ADOTAS — Hearst sending its newspapers to the digital world from the print world would be interesting if it had an advertising revenue plan, which apparently it doesn’t, and could trigger other over-leveraged companies to collapse.
Hearst Corp. announced Friday that the Seattle Post-Intelligencer was up for sale and will stop publishing unless someone buys it in 60 days. If no buyer emerges, the paper would either become a web-only publication or cease all operations. It also owns the money losing San Francisco Chronicle. According to Keith Kelly, Hearst “derived about 6.5 percent of its estimated $2 billion in total revenue from the Web. That’s better than the 3 percent that Condé Nast counts on from the Web, but still lags the 10 percent that Time Inc. is notching.”
Medianews, which had a financing deal with Hearst, Journal Register, Gatehouse and McClatchy are some of the media companies that are tittering. There is also talk of major newspaper brands likely to close in 2009.
Journalists will need to start their own businesses if they want to stay in business, and depending on online advertising alone, as Fred Wilson, at A VC blog, notes, may not be the best plan. He breaks down his revenue from his blog. He makes $30 thousand a year, and the blog is read by 150,000 people per month and gets around 250,000 page views per month.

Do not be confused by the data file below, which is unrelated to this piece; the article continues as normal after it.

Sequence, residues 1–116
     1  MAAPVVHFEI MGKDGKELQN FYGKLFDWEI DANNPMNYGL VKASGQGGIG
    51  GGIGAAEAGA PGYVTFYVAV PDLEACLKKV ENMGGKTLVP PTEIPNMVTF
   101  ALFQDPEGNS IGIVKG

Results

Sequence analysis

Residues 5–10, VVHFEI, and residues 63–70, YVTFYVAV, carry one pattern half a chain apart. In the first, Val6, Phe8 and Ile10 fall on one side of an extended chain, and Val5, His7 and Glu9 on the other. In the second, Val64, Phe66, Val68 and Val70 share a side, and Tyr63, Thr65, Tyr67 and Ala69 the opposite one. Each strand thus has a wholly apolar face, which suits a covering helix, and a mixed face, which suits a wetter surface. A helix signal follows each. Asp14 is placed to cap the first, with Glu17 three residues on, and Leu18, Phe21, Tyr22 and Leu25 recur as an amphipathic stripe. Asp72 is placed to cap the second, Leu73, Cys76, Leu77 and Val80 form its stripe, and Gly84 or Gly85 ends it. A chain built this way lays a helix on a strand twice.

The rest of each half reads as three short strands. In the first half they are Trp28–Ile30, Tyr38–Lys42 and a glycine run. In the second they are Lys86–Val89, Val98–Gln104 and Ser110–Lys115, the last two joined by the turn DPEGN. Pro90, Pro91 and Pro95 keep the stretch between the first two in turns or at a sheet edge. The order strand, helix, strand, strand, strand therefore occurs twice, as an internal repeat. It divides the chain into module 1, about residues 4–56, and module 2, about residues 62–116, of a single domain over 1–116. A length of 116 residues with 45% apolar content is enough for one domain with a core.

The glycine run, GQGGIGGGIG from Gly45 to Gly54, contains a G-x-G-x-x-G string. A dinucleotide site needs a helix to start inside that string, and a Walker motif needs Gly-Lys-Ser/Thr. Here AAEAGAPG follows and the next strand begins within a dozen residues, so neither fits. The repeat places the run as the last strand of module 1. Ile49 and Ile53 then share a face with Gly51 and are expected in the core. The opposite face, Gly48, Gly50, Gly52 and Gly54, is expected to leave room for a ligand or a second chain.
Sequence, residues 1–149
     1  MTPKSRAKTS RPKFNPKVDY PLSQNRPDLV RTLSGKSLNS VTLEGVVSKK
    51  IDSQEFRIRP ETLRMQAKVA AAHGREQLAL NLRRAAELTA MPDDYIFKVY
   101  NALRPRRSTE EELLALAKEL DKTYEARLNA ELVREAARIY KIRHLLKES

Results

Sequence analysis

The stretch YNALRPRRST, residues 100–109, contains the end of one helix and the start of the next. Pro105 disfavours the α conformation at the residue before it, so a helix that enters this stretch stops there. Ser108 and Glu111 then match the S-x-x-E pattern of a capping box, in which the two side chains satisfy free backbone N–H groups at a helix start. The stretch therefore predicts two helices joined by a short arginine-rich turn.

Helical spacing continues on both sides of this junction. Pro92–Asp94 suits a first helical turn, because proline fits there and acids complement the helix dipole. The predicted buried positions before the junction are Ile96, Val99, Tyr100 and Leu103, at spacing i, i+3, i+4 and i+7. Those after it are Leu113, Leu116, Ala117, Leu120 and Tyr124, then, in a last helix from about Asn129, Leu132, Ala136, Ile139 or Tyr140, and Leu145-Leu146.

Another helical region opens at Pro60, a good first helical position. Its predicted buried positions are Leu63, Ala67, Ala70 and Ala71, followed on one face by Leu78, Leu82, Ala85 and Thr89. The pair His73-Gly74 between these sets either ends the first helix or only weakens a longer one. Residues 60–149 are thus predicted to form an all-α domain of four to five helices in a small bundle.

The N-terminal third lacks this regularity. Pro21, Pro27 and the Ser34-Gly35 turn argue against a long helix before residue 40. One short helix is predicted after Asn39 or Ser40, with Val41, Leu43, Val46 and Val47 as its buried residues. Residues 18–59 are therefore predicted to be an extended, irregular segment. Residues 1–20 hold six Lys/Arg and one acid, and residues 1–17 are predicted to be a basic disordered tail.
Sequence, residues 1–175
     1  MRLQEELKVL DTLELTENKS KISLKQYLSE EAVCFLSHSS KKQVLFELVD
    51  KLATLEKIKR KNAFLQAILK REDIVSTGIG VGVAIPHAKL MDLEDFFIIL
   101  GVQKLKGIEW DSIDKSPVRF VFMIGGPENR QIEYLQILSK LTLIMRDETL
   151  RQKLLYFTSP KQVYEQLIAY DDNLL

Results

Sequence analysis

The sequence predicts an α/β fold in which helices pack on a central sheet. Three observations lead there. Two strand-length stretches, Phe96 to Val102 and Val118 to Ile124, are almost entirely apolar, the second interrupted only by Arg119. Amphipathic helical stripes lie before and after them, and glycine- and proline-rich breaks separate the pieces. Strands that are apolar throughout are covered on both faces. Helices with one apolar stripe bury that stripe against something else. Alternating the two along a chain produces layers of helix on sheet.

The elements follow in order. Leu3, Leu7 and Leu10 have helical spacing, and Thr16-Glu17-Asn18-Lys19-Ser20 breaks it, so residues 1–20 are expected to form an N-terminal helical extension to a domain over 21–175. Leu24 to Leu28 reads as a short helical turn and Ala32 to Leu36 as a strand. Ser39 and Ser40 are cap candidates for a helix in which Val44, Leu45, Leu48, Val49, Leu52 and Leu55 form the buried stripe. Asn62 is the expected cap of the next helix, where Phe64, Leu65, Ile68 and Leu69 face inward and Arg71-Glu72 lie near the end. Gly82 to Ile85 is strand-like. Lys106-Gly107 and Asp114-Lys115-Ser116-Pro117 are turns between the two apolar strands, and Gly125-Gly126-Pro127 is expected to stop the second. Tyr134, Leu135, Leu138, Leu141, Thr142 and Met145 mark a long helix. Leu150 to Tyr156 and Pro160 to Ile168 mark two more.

His suggestions: “Is there a way beyond ads to compensate microjournalists? Subscription seems like one approach but what can you charge for online? Participating in expert networks might be another approach. Speaking and writing books could be a third. My gut tells me that microjournalists are going to have to do more than just post to their blog to earn a living. In fact the blog will probably be the loss leader that keeps them in the game.”